2. This is the official website for the Paris Metro system:
Click on the British flag at the top for the English version. It has a route planner option to help you figure out how to get where you want to go.The Metro has many options for tickets. There are different versions of passes, but most are not a good deal unless you plan to ride a lot.

3. http://www.transport-idf.com/frontal?controller=Default&langue=en
This is an all-in-one site which lets you look up routes for all forms of transport; metro, bus, RER

4. http://www.batobus.com/english/index.htm
This is a boat which goes up and down the Seine on a set route, stopping near most major tourist points. 12 euro for 1 day, 14 euro for 2 days, unlimited rides.

5. If you just want to do an hour or so cruise up and down the river, then try http://www.vedettesdupontneuf.com/index.htm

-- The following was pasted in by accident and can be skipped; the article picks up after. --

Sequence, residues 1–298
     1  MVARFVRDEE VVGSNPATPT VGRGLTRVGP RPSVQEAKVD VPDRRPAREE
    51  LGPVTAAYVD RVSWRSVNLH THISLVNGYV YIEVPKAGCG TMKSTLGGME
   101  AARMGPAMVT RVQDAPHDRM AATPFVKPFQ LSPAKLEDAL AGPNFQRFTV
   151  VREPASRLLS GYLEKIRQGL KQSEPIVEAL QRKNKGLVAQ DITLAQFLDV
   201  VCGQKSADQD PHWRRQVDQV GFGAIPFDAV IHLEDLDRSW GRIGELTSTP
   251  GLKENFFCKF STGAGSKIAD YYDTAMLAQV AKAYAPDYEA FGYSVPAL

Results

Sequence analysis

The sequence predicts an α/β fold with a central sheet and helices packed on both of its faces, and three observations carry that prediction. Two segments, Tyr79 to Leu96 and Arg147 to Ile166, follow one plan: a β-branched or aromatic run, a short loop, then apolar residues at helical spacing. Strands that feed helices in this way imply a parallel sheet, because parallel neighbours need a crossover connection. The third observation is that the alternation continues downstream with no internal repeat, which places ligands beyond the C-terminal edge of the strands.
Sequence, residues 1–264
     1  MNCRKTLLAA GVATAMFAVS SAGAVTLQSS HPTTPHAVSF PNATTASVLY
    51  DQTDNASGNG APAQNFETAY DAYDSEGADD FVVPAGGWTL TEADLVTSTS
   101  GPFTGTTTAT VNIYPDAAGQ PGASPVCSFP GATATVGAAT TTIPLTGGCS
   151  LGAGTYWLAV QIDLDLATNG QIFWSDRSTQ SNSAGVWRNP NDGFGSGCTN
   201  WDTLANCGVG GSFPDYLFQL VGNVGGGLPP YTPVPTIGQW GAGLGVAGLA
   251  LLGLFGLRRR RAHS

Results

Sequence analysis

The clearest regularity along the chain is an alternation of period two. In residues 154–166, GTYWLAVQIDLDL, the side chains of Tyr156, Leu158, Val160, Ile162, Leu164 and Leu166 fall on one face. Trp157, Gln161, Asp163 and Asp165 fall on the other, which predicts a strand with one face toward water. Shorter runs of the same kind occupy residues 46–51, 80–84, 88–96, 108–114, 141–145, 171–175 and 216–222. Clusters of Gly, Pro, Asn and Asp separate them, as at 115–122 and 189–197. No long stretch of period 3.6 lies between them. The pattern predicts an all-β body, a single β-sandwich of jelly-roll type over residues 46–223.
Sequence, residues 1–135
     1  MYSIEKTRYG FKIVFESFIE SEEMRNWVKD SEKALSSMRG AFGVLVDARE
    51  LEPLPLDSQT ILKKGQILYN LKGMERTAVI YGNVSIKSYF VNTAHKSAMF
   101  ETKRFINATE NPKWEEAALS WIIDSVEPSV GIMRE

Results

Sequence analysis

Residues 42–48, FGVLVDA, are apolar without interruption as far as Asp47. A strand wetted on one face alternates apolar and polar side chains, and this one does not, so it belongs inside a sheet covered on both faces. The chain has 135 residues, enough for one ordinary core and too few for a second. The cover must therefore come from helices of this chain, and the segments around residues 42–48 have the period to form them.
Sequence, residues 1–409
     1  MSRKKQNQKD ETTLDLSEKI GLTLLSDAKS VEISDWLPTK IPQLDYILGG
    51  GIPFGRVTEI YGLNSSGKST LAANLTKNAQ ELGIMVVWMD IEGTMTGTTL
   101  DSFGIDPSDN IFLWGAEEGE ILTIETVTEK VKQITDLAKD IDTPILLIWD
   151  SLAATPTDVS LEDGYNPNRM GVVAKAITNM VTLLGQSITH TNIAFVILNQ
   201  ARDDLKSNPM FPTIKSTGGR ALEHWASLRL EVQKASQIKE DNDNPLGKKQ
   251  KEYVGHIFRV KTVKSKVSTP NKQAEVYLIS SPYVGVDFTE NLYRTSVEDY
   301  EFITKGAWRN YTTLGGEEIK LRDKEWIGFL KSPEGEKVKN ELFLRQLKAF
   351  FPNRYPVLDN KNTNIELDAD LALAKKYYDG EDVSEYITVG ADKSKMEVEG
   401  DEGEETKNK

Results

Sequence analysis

Tickets are 11 euro, or print a voucher off their website to save 2 euro, or buy tickets in advance online and save 4 euro per person.

6. Try a Canal Cruise: http://www.canauxrama.com/e_formules.asp?id=1

Notes about Metro Tickets:
Single ticket is 1.5 euro (increase in price expected soon)
A “carnet” is a packet of 10 tickets and costs 11.10 euro. These tickets can be shared, unlike a pass.
Tickets can be used on both busses and the Metro, but not both in the same route (ie, no transfers between bus and metro)
Hold on to your ticket because you often need it to be able to exit the station.

Paris Tidbit #6- Macarons

Macarons are not Macaroons.